Purdue has been a leader in medical advancements for pain management and a pioneer in the research of opioids with abuse-deterrent properties. Purdue was the first company to introduce opioids with abuse-deterrent properties through development of novel formulations and abuse deterrence studies. Opioids with abuse-deterrent properties are not abuse proof and they do not prevent the risk of addiction, overdose, or death.
For more than 30 years, Purdue has developed prescription opioid analgesics to alleviate the pain experienced by millions of people. As a pharmaceutical leader in pain medicine, we are acutely aware of the public health risks these powerful medications create, especially when they are diverted, misused, and/or abused. That’s why we work with health experts, law enforcement, and government agencies on efforts to reduce the risks of opioid abuse and misuse without reducing appropriate pain treatment. Opioids with abuse-deterrent properties won’t stop all prescription opioid abuse, but they one part of the comprehensive approach needed to address this complex public health issue.
The Importance of Developing Formulations With Abuse-Deterrent Properties
The U.S. Food and Drug Administration (FDA) cites the development of opioids with abuse-deterrent properties as one potentially important step in helping to deter prescription opioid abuse and misuse.1 The science of abuse deterrence is relatively new, and the formulation technologies and the analytical, clinical, and statistical methods for evaluating those technologies are rapidly evolving.1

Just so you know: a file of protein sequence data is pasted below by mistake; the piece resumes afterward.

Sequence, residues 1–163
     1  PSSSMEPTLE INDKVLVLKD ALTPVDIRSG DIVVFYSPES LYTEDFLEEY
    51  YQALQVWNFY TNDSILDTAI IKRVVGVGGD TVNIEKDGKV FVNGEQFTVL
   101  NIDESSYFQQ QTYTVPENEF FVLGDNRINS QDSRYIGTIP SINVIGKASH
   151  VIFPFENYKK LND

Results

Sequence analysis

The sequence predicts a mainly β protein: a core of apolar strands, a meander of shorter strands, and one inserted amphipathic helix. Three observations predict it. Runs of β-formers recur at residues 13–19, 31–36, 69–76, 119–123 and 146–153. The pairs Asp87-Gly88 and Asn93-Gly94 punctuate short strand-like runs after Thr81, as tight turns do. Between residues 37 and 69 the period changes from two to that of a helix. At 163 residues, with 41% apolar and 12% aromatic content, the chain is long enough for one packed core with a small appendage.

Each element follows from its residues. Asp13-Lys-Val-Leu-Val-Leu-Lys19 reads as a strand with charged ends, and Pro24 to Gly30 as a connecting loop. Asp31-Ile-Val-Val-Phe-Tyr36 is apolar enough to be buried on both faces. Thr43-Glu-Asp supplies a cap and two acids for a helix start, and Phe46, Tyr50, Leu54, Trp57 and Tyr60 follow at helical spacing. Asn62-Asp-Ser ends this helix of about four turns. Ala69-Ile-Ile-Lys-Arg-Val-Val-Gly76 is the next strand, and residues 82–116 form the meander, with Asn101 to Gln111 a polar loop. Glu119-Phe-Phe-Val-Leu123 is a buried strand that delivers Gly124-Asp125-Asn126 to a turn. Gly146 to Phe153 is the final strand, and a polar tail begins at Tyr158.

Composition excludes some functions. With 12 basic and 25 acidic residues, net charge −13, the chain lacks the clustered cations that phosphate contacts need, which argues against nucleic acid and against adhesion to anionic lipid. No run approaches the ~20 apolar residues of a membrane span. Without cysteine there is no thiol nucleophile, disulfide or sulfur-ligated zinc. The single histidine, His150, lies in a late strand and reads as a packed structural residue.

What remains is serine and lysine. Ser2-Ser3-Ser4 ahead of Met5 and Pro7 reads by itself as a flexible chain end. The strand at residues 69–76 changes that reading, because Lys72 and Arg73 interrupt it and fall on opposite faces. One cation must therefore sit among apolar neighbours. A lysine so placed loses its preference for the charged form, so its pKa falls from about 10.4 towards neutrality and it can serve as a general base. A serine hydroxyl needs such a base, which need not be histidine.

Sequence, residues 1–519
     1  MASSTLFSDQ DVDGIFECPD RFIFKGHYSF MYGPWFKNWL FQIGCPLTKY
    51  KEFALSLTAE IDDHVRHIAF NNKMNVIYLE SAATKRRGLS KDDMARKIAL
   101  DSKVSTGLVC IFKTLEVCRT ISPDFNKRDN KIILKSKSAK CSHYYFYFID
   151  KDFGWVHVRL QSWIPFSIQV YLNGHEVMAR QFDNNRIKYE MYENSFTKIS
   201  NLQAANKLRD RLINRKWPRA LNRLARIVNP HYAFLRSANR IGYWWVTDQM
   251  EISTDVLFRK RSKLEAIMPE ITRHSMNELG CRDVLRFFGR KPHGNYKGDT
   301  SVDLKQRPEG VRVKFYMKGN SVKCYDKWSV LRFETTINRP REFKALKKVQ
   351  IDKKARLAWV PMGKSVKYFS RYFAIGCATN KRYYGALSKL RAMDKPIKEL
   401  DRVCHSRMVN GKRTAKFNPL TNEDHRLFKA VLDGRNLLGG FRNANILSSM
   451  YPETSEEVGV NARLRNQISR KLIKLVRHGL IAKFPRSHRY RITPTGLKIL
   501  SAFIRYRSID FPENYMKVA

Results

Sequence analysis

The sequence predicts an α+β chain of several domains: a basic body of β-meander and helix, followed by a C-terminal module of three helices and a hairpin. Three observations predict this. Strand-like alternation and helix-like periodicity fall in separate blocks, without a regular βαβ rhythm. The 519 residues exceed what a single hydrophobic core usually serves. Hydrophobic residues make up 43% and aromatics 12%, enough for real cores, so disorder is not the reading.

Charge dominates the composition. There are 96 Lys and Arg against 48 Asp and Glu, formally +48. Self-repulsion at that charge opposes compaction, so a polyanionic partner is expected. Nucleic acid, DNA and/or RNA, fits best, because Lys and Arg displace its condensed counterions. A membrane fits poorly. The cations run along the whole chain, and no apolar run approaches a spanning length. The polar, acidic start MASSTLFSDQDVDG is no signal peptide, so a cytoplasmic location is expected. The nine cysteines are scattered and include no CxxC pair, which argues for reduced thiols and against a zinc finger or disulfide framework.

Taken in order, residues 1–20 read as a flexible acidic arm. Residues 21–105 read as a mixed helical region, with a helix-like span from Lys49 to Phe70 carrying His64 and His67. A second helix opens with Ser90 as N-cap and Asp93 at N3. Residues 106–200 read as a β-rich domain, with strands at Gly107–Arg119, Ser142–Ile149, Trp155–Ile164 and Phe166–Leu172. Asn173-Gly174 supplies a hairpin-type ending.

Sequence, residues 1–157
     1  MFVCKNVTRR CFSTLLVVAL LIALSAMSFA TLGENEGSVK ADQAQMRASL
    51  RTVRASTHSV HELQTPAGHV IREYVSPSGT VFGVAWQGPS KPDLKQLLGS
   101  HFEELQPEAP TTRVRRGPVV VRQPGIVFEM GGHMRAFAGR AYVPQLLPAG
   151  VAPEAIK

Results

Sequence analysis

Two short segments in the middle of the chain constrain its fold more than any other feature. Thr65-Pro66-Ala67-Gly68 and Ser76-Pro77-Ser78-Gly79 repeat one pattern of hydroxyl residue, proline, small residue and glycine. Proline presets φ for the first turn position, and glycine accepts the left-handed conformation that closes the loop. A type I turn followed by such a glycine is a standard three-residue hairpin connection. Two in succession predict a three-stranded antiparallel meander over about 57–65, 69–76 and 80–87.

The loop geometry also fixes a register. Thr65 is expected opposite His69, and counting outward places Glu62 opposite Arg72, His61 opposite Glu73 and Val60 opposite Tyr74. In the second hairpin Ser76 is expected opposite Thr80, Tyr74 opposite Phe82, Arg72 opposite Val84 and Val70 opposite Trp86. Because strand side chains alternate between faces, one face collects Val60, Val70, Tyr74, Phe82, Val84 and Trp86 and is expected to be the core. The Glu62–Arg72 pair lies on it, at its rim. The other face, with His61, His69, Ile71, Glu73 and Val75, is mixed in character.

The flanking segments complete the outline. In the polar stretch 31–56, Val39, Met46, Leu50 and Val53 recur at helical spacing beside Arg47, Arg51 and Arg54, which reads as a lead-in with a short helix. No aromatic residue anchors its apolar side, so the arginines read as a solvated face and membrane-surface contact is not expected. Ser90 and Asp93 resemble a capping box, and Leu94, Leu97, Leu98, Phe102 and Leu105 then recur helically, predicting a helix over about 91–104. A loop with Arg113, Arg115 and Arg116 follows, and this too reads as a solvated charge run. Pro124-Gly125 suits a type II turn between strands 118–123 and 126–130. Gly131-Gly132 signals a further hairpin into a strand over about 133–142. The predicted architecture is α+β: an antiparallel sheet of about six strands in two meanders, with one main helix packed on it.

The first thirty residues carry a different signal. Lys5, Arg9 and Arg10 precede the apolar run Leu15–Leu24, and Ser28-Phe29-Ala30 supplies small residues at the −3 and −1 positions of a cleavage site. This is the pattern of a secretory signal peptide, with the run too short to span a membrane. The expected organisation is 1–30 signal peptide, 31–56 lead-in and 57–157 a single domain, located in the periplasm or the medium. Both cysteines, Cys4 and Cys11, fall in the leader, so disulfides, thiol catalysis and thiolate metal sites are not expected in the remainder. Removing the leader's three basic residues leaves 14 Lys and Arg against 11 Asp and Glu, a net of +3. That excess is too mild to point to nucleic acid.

The research and development of opioid analgesics with abuse-deterrent properties is intended to help deter the abuse, misuse, and diversion of these prescription pain medications—while ensuring that patients in pain continue to have appropriate access to these important therapies.1
Although there is no technology or formulation that can prevent all abuse of opioids, the availability of prescription opioids with abuse-deterrent properties is an important advancement toward the goal of providing responsible pain management for appropriate patients.1